Boulder Considering ‘Potential Costs And Risk’ Of Climate Change Lawsuit
The City of Boulder is considering “potential costs and risk” associated with launching a lawsuit against oil and gas companies, according to documents obtained through a Colorado Open Records Act request.
Boulder’s Mayor, Suzanne Jones, asked the City Attorney’s Office for advice on a possible climate change lawsuit against unnamed energy producers.
In January, it was revealed that the Boulder City Council had already opened talks, both internally and externally, with an as-yet-unnamed Washington, D.C. law firm “shopping” a lawsuit.
Three weeks later, Jones sought “clarification on the climate change litigation from the City Attorney,” according to the council agenda committee summary from Jan. 29.
The notes indicated that the City Attorney’s Office “will send out a confidential memo with updated information regarding potential costs and risk.”
There is no timeline for the preparation of the memo listed in the summary.
Jonathan Koehn, Boulder’s regional sustainability coordinator, told Climate Liability News in mid-January that the name of the plaintiffs’ attorneys would be available after a retainer agreement is signed, which he speculated might be as soon as 30 days.
Boulder City Council spokeswoman Emily Sandoval told Western Wire that there was no contract as of February 15.
The first public indication that officials were considering legal action emerged on November 14, 2017 at a city council special meeting, when a request for a “Nod of Five” majority of the nine-member council was approved to “direct staff to investigate the possibility of having the city join a lawsuit against leading oil companies for costs incurred because of climate change.”
In discussions at the November 14 meeting, City Attorney Tom Carr told the council that the lawsuit would be brought by the unnamed law firm on Boulder’s behalf, pro bono, with other Colorado local governments potentially joining as named parties.
Carr outlined a California model.
“That is, suing under a nuisance or negligence theory in state court, which is what they’ve done in California. Not federal court,” Carr said in video of the council meeting.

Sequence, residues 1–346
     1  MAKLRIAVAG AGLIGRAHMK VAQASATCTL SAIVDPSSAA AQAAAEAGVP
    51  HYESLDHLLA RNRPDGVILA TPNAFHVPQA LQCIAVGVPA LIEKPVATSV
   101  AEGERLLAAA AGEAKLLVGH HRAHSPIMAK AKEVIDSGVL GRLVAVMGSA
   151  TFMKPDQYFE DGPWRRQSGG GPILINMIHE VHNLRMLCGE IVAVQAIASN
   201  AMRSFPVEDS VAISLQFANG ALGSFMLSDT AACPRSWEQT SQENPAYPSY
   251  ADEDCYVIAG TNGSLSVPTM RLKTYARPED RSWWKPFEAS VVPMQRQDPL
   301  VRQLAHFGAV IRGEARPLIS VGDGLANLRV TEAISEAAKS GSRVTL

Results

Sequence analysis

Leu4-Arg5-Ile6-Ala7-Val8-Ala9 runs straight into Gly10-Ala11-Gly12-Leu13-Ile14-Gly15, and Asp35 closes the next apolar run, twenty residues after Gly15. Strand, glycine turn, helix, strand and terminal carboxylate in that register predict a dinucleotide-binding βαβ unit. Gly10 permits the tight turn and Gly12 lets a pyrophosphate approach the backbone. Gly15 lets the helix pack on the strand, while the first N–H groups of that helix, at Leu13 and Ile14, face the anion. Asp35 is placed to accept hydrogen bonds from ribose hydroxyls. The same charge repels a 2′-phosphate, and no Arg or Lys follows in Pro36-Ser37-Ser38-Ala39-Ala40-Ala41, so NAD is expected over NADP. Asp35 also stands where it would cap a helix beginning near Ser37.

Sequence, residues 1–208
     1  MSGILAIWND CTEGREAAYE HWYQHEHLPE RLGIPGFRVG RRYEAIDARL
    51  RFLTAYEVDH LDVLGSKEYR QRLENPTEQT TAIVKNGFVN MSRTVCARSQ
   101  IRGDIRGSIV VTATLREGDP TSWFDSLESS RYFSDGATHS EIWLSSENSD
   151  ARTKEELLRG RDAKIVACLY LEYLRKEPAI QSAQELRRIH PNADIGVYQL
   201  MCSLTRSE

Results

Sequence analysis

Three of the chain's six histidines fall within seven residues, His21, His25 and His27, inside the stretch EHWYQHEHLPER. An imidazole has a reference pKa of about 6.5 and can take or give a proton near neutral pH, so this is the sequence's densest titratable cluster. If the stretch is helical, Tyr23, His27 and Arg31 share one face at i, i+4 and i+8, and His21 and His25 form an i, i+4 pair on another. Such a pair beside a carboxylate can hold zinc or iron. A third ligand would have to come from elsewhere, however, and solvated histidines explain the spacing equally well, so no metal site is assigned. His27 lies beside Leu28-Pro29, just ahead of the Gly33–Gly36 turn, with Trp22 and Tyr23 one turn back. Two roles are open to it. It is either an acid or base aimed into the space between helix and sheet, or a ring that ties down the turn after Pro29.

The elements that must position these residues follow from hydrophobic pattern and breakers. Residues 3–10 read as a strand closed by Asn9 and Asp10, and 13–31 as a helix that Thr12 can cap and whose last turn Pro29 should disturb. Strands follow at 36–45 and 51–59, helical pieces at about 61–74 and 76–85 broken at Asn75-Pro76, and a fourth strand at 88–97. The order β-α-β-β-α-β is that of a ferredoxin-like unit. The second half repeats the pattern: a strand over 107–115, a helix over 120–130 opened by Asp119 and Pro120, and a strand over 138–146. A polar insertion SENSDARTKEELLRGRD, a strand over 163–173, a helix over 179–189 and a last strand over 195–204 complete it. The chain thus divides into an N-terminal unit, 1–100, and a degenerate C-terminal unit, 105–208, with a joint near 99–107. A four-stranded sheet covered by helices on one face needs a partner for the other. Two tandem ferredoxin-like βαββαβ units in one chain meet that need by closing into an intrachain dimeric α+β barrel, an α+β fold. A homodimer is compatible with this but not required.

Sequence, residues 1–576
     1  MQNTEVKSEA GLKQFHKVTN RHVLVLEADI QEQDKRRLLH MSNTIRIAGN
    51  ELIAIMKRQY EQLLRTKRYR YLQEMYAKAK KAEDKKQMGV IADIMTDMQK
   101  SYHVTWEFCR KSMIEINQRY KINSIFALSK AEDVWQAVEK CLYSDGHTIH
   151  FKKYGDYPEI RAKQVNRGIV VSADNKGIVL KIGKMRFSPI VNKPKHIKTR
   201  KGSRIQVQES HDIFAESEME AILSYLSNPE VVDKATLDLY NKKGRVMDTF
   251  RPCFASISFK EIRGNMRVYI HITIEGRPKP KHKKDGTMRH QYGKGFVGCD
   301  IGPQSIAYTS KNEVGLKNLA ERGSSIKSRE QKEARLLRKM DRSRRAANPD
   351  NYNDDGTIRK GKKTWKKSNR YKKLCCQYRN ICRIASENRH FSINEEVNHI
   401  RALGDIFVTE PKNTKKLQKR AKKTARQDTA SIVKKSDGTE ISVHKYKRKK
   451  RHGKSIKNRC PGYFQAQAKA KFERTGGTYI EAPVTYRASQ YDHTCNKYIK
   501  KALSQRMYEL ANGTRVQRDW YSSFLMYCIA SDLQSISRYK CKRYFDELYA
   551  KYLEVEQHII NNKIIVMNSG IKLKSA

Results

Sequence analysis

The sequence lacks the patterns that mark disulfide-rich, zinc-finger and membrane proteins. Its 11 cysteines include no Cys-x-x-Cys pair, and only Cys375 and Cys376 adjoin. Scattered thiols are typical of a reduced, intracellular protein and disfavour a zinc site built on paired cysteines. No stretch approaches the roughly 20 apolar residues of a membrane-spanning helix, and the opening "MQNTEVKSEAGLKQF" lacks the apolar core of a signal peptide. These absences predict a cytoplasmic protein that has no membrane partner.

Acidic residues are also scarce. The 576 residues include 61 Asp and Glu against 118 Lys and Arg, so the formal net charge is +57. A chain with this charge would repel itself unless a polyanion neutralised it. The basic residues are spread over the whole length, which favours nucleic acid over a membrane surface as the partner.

Previous nuisance lawsuits in federal court have failed, legal experts told Western Wire in January.
“This Nod of Five would be to basically direct me to work with this group that has contacted [Mayor] Suzanne and find out the details about what they’re planning to do. I understand that the county is also interested,” Carr said. “And from what Suzanne has told me, they’re not expecting us to pay for the litigation – they would be doing it themselves. We would be a named party. We would have some potential risk if it was deemed frivolous for attorney’s fees but I would want to work and examine how to limit that potential risk so that the city didn’t have any exposure.”
“This is a part of a legal strategy to, obviously, propel change. Ultimately a price on carbon. So this is kind of in that context,” Jones responded on November 14. “Mostly it would be other lawyers being paid by other people to do this.”
Council next discussed possible legal action in January. The City of Boulder City Council agenda for January 4 included a “discussion of potential climate change litigation.” Jane Brautigam, City Manager, and Carr, City Attorney, presented.
“The purpose of this council agenda item is to seek council direction regarding the city’s potential participation in a lawsuit against large fossil fuel producers and/or large greenhouse gas emitters to compensate local governments for their climate mitigation and resilience expenses and damages caused by a changing climate,” according to the agenda’s executive summary. “The lawsuit would be filed by a group of Colorado local governments, potentially including Boulder County.”